McConnell joined a distinguished group of leaders who have shaped Colorado’s land-grant university from humble beginnings to became the highly respected, world-renowned research powerhouse it is today.
It was seven years after Territorial Gov. Edward McCook signed a bill establishing the State Agricultural College as part of the Morrill Act before Edwards became CSU’s first president. Two faculty members and three students were present on the first day of classes – and two of the students were Edwards’ children. Also included was George Glover, who would later become dean of veterinary medicine. All faculty and students lived in one campus building: Old Main.
When Ingersoll became president, he took over a fledgling school in a fledgling town. Fort Collins had no electricity and no water system, and there were three campus buildings. CSU’s first graduating class – three students – in 1884 included a woman: Libbie Coy. Among faculty members was Elwood Mead, who established the first irrigation engineering instructional program in the country. Lake Mead is named in his honor. In 1891, the first issue of the Rocky Mountain Collegian was published – it has been published regularly since that time.
Enrollment more than doubled during Ellis’ tenure, from 146 to 344, as the state fell into an economic depression. Eliza Pickrell Routt, wife of Colorado’s first governor, becomes the first woman appointed to the State Board of Agriculture, CSU’s governing body. CSU played its first football game in 1893.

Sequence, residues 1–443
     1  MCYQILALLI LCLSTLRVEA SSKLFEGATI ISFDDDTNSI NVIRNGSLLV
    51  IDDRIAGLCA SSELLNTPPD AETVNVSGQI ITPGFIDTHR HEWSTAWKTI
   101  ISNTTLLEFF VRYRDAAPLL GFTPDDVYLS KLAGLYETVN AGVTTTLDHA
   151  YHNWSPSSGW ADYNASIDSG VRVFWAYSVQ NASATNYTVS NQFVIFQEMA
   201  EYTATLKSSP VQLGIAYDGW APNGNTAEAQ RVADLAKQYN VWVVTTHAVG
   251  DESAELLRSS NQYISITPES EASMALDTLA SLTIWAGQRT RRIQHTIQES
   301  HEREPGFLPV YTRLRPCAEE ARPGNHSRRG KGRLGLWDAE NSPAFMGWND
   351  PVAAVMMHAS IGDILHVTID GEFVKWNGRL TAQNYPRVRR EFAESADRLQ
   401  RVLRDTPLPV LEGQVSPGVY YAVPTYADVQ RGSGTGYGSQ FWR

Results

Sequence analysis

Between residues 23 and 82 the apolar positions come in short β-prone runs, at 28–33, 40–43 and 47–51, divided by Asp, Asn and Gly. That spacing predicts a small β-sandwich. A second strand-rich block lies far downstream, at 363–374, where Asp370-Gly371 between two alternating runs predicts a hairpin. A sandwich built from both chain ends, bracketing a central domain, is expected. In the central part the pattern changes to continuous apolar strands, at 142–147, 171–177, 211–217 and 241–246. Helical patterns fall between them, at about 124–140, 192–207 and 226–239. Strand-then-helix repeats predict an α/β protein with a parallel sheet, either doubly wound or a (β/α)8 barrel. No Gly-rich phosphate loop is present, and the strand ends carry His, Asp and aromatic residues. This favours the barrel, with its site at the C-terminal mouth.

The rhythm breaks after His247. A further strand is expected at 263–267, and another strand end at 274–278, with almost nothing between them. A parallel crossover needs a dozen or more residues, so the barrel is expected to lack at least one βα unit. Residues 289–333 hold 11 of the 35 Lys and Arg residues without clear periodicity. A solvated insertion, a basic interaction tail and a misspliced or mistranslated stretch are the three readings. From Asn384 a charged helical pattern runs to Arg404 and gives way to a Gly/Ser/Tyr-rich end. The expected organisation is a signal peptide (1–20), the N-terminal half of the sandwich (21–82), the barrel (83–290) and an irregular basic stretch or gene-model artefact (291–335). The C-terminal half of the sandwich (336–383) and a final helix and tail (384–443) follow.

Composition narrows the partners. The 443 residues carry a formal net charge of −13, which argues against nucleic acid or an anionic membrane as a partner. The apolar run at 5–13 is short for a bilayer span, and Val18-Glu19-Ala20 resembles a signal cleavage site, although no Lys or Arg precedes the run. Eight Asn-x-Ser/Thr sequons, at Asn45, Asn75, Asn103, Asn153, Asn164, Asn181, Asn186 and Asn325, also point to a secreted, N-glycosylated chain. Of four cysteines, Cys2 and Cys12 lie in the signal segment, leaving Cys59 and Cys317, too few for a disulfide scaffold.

An ordained minister, Aylesworth brought his warm personality to replace the dour nature of Ellis. He reinstated football (Ellis had banned the sport) and encouraged extracurricular activities for both male and female students. The first fraternities and sororities opened during this time, a music program was instituted and a veterinary curriculum was established.
Lory is one of the true giants who guided CSU’s history, with his 31-year tenure the longest in the university’s history. He shepherded CSU through the horrors or World War I until World War II was about to break out. He greatly expanded the campus – the historic Oval and the iconic buildings that surround it were built under his watch – while boosting CSU’s academic profile, leading the school to be renamed Colorado A&M in 1935. He also enthusiastically endorsed the addition of the Mountain Campus, CSU’s one-of-a-kind mountain classroom. His talented faculty included Ralph Parschall, who invented the Parschall Flume and revolutionized irrigation with a simple devise still in use around the world today. And The Home Economics High Altitude Laboratory opened, changing high-altitude baking forever. He also hired legendary football coach Harry Hughes, who won 126 games in 31 seasons and produced CSU’s only perfect season – 7-0 in 1915. Glenn Morris became CSU’s only male Olympic gold medalist, winning the decathlon at the 1936 Berlin Games. And, yes, the iconic “A” on a hillside west of Fort Collins, first appeared during Lory’s tenure.